Above the Fold: Supply Chain Logistics News (February 3, 2023)

Be careful where you hide
when you’re playing hide-and-seek. 

A 15-year old boy from Bangladesh was playing hide and seek with his friends and he hid inside a shipping container. Unfortunately, he locked himself in, fell asleep, and ended up in Malaysia six days later.

“The boy was locked inside the container for 6 whole days and screamed for help from within the container but was not audible to anyone,” according to an India Times article. “How he survived 6 days without a morsel of food or water is still a mystery to everyone.”

I’m guessing he won the game, but I’m sure it wasn’t worth the ordeal.

In other supply chain and logistics news that caught my attention this week:

Logistics Service Providers: Do you Have A Business Continuity Plan?

Last February in “You’ve Been Hacked! The Growing Threat Of Supply Chain Cyber Attacks,” I highlighted several high-profile cyber attacks impacting supply chain and logistics operations, including the attack that severely disrupted Expeditors International.

As I wrote at the time, and in previous posts too, the sooner companies embed supply chain risk management within their corporate DNA, the sooner they’ll be able to adequately address this growing threat of cyber terrorism.

The impact of a cyber attack goes beyond the direct costs associated with shutting down your operations. If you’re a logistics service provider, you’re also shutting down the operations of your customers, exposing you to another risk: lawsuits.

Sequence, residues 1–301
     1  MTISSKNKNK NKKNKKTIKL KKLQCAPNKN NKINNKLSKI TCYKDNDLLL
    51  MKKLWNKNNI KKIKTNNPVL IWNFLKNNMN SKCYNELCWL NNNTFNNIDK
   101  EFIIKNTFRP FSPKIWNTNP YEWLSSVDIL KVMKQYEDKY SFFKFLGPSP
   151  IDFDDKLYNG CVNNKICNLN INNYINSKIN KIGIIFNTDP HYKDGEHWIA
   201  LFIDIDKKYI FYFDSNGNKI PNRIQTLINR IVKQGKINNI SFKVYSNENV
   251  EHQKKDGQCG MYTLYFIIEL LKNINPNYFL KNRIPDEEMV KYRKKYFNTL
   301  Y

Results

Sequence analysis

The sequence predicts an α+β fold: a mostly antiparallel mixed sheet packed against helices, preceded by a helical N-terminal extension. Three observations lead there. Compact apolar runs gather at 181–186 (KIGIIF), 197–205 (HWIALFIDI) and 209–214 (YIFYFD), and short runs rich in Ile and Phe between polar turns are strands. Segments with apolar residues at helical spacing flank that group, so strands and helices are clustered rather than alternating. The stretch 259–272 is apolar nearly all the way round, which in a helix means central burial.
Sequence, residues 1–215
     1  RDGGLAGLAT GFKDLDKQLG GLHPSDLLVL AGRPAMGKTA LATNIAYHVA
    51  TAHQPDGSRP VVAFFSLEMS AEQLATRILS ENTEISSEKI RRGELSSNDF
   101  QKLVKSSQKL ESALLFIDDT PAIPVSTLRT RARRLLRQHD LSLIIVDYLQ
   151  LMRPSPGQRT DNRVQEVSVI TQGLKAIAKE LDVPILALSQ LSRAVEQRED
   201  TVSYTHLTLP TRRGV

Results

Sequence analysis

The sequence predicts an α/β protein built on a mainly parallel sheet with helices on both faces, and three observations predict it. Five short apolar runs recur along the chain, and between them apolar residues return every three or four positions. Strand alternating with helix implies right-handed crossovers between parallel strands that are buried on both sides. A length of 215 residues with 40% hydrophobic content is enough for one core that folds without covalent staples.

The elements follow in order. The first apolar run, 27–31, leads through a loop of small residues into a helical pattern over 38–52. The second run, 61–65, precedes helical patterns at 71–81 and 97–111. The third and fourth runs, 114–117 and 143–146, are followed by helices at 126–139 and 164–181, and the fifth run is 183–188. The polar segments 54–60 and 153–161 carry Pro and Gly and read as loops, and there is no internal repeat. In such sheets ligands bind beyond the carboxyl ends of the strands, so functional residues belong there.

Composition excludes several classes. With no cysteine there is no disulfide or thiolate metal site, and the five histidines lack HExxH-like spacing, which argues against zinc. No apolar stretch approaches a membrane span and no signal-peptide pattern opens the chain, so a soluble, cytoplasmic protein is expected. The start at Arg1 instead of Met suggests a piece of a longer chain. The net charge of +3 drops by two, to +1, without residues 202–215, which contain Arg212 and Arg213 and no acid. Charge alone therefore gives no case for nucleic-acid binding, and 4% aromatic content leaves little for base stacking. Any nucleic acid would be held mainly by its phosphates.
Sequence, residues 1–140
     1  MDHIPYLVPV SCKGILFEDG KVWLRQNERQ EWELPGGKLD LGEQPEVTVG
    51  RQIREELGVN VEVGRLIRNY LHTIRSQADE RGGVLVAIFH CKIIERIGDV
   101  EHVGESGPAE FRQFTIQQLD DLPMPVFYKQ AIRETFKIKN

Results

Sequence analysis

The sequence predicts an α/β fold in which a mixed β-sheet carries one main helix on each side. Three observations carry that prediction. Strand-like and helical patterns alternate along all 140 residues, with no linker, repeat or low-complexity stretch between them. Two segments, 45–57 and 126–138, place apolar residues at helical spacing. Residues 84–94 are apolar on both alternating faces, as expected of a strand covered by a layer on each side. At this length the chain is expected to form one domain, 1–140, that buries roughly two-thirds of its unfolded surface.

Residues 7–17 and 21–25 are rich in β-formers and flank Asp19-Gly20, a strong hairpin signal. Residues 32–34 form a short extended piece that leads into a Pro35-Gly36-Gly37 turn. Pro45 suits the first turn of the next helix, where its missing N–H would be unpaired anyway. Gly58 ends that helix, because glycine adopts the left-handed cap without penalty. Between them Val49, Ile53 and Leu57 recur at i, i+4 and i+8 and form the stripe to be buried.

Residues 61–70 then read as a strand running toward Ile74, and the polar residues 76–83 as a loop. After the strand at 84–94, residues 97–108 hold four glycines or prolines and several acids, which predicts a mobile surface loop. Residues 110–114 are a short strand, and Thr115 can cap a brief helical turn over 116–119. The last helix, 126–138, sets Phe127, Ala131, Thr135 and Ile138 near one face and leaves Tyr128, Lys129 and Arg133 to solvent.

“Expeditors’ failure to implement a business continuity plan following last year’s cyber-attack means it is now facing a $2.1m claim in court,” reports Alex Lennane in The Loadstar. According to the article:

iRobot, a customer for nearly 15 years, claims the forwarder’s ‘voluntary’ decision to shut down its global operating systems in February 2022, with no back-up plan, led to it incurring significant costs and expenses, as its deliveries ground to a halt.

iRobot decided to switch to a new logistics provider so it could honour customer commitments, at a cost of $1.1m, it said. And, it added, despite its “best efforts to mitigate the effects of Expeditors’ failure to perform”, it still incurred another $1m in additional storage costs and back charges from retailers.

In a May 2017 post titled “The WannaCry Cyberattack: Another Warning For Supply Chain Executives,” I shared three recommendations companies should take to minimize the risk and impact of a cyber attack, including this one:

Don’t just focus on prevention, focus on minimizing the scope and scale of a disruption too. Your network will get breached. Unfortunately, most companies spend the vast majority of their time and resources trying to prevent an attack and not enough time and energy on developing processes and systems to minimize the impact of a breach when it eventually happens.

The time to act on this recommendation is now, before you suffer a cyber attack, because it’s just a question of time before it happens. 

And with that, have a happy weekend!

Song of the Week: “My Joy” by Depeche Mode